clock menu more-arrow no yes

Filed under:

Microsoft to combat revenge porn across Bing, OneDrive, and Xbox Live

Microsoft is taking broad steps to eliminate revenge porn from its most popular services. Today the company published a blog post outlining its plans to "help put victims back in control of their images and their privacy." Moving forward, Microsoft says it will remove links to offending photos and videos from Bing search results whenever a victim notifies the company that they were posted without permission.

That won't eliminate them from the internet altogether — a related problem that Microsoft says will require cooperation across the industry to fix. But the company is going even further to erase revenge porn from services that it fully controls; intimate photos of someone shared without consent over OneDrive and Xbox Live will be permanently deleted from those services. Links and content that are deleted will be unavailable worldwide, as these enforcement policies are global and not just limited to a victim's home country.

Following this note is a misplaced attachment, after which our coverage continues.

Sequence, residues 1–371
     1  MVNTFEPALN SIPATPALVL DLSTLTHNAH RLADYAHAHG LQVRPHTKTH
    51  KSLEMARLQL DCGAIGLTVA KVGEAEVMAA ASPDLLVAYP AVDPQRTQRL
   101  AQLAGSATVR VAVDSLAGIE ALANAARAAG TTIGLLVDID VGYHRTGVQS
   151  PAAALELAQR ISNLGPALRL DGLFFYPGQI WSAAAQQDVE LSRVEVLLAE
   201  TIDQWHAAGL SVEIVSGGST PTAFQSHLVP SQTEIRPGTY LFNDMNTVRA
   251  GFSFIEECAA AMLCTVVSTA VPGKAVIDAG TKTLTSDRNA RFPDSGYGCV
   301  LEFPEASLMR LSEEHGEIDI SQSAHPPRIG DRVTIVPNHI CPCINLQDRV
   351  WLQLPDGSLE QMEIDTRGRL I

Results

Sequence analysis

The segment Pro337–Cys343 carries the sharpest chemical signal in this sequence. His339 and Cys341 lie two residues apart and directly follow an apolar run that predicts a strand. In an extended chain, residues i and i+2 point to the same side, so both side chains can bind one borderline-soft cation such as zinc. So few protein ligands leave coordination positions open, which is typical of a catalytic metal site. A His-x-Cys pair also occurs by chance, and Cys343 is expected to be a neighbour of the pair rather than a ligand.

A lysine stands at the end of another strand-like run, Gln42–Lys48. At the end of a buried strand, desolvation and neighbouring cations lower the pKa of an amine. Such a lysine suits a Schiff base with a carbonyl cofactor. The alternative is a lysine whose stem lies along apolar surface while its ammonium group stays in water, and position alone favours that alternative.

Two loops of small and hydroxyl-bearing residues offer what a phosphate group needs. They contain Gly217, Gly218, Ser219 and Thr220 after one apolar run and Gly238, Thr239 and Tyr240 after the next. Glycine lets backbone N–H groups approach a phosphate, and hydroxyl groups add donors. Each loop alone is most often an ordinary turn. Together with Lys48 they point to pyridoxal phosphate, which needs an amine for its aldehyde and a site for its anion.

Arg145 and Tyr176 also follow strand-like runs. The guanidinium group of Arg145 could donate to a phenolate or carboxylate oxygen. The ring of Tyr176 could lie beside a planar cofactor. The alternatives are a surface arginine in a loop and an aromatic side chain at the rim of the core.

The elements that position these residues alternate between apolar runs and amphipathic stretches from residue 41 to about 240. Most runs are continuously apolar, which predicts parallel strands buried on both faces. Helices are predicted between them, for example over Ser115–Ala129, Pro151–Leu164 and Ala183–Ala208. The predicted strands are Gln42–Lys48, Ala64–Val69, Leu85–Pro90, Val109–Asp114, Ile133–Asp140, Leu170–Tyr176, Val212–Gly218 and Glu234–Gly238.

A new web tool makes reporting instances of revenge porn easier for victims. It's available in English to start, with Microsoft vowing to include other languages over the coming weeks. "Our hope is that by helping to address requests and to remove these extremely personal photos and videos from our services, we can better support victims as they work to re-claim their privacy, and help to push just a little further in the fight against this despicable practice."